the accused. First, he was not informed of his right to remain silent and his right to counsel. Second, he cannot be compelled to be a witness against himself. At the time of the confession, the accused was already facing charges in court. He no longer had the right to remain silent and to counsel but he had the right to refuse to be a witness and not to have any prejudice whatsoever result to him by such refusal. And yet, despite his knowing fully well that a case had already been filed in court, he still confessed when he did not have to do so. The contention of the trial court that the accused is not entitled to such rights anymore because the information has been filed and awarrant of arrest has been issued already, is untenable. The exercise of the rights to remain silent and to counsel and to be informed thereof under Section 12(1) of the Bill of Rights are not confined to that period prior to the filing of a criminal complaint or information but are available at that stage when a person is "under investigation for the commission of an offense." Pursuant to Section 12(3) of the Bill of Rights therefore, such extra-judicial admission is inadmissible as evidence. As to the admissions made by Maqueda to Prosecutor Zarate and Ray Dean Salvosa, the trial court admitted their testimony thereon only to prove the tenor of their conversation but not to prove the truth of theadmission because such testimony was objected to as hearsay. Maqueda voluntarily and freely made them to Prosecutor Zarate not in the course of an investigation, but in connection with Maqueda's plea to be utilized as a state witness; and as to the other admission(Salvosa), it was given to a private person therefore admissible. Note: a distinction between a confession and admission has been made by the SC: Admission of a party. — The act, declaration or omission of party as to a relevant fact may be given in evidence against him. Confession. — The declaration of an accused acknowledging his guilt of the offense charged, or of any offense necessarily included therein, may be given in evidence against him. PETITION DISMISSED. Posadas v. Court of Appeals Facts: Members of the Integrated National Police (INP) of the Davao Metrodiscom assigned with the Intelligence Task Force, Pat. Ursicio Ungab and Pat. Umbra Umpar conducted surveillance along Magallanes Street, Davao City. While in the vicinity of Rizal Memorial Colleges they spotted petitioner carrying a "buri" bag and they noticed him to be acting suspiciously. They approached the petitioner and identified themselves as members of the INP. Petitioner attempted to flee but his attempt to get away was unsuccessful. They then checked the "buri" bag of the petitioner where they found one (1) caliber .38 Smith & Wesson revolver with Serial No. 770196, two (2) rounds of live ammunition for a .38 caliber gun, a smoke (tear gas) grenade, and two (2) live ammunitions for a .22 caliber gun. They brought the petitioner to the police station for further investigation. In the course of the same, the petitioner was asked to show the necessary license or authority to possess firearms and ammunitions found in his possession but he failed to do so. He was then taken to the Davao Metrodiscom office and the prohibited articles recovered from him were indorsed to M/Sgt. Didoy the officer then on duty. He was prosecuted for illegal possession of firearms and ammunitions in the Regional Trial Court of Davao City.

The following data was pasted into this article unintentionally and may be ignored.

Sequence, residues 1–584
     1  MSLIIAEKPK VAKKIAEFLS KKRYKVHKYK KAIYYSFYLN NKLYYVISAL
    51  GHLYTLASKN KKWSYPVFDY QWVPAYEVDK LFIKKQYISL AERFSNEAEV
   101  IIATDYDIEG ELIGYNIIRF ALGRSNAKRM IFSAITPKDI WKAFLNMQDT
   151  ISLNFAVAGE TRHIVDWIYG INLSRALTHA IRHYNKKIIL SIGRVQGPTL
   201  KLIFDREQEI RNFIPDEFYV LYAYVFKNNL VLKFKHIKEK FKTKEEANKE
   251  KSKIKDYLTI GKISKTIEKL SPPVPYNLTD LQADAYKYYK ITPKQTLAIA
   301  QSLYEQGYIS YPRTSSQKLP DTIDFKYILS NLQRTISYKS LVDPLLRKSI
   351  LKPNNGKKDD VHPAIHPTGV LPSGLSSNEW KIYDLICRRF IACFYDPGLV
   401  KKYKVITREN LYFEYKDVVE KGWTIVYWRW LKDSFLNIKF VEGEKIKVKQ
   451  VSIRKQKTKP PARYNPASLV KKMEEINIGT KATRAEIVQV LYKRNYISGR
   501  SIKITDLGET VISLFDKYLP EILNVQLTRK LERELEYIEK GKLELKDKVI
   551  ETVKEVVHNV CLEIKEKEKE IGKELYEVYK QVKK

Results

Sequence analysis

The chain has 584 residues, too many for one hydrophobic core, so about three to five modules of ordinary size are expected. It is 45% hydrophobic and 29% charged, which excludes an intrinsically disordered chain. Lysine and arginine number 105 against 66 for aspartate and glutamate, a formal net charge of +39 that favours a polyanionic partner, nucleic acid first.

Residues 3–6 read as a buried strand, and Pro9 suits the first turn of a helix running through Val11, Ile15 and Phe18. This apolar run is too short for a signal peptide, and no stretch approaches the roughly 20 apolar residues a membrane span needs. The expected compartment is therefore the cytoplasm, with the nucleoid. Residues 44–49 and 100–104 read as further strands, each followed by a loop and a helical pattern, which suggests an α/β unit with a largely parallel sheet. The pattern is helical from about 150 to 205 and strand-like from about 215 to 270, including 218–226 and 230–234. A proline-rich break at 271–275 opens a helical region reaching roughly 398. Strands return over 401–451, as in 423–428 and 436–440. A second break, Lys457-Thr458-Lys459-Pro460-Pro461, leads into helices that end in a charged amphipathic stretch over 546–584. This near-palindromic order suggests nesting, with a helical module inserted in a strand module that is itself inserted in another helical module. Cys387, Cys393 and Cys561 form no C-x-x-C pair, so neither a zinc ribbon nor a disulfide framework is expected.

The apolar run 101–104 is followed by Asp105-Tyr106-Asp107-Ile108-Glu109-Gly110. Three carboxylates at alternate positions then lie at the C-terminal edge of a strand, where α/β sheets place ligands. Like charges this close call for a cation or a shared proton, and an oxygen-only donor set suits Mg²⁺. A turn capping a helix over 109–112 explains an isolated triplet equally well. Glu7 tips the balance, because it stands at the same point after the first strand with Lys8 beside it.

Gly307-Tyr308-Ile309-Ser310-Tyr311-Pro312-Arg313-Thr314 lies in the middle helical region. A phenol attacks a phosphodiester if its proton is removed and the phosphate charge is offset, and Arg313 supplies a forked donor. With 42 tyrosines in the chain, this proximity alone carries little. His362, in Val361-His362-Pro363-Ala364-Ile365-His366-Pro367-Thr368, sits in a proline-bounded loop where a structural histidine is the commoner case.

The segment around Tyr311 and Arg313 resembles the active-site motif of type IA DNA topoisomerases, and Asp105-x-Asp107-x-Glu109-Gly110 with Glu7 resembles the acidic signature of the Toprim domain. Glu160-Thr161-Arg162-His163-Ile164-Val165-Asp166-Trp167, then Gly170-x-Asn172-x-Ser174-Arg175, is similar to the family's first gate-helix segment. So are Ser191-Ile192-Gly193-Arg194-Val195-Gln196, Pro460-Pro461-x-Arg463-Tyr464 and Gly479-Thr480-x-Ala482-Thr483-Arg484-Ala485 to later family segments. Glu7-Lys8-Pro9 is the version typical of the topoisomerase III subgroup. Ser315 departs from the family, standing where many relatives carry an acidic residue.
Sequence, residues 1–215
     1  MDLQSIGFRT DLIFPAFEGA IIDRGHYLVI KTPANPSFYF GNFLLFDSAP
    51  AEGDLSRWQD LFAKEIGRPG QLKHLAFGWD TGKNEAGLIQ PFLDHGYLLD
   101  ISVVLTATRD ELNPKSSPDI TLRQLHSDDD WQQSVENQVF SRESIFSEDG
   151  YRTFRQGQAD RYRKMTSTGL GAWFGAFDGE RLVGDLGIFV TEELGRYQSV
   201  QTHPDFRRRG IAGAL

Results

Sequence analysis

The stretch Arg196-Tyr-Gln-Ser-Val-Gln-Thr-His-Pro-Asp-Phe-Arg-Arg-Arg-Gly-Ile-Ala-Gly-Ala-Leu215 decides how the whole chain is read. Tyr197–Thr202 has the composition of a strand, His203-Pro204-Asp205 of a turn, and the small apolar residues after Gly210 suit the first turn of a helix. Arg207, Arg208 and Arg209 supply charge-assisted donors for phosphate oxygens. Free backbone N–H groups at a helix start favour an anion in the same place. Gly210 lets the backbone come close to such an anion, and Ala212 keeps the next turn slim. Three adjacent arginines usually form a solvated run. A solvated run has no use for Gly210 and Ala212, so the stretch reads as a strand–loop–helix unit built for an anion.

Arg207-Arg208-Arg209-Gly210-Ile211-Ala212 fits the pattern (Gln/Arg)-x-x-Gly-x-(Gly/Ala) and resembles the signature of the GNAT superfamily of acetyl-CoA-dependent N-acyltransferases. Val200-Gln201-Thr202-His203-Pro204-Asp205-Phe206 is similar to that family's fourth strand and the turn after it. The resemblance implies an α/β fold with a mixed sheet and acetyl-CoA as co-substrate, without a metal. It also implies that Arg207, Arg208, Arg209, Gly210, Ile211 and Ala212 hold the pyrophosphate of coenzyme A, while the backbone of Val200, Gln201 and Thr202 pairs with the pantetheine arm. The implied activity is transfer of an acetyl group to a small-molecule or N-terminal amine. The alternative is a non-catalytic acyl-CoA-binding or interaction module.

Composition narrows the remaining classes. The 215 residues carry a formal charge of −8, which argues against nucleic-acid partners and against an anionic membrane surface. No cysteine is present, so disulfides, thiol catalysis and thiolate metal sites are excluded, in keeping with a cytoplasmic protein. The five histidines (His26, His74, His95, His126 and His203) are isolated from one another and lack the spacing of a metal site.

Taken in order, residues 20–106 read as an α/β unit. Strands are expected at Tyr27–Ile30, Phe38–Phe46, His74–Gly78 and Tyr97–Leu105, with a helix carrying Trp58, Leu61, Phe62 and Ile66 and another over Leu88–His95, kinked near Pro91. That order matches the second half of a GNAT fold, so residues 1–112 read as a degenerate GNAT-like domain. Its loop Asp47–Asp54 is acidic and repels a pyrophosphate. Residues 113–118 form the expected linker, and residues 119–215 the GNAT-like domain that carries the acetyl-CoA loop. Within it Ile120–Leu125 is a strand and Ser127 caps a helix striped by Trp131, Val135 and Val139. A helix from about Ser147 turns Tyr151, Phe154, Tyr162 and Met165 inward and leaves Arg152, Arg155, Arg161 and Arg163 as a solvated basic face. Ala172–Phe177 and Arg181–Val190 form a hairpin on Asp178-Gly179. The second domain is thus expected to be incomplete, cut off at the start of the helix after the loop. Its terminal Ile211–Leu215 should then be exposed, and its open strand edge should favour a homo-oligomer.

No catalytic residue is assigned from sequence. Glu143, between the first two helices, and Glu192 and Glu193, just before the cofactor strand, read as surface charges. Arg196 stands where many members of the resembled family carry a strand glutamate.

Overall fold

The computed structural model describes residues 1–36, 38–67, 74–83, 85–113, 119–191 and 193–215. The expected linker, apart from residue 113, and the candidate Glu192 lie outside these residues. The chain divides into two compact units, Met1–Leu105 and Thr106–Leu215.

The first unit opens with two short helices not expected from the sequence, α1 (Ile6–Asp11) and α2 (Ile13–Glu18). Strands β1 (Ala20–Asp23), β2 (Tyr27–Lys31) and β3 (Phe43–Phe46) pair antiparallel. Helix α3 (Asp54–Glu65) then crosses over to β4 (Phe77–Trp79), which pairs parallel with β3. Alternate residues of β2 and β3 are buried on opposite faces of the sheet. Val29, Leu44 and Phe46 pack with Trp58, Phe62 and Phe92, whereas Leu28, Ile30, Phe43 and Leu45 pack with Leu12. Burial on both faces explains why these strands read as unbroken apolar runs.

Issue: Whether or Not the warantless search is valid.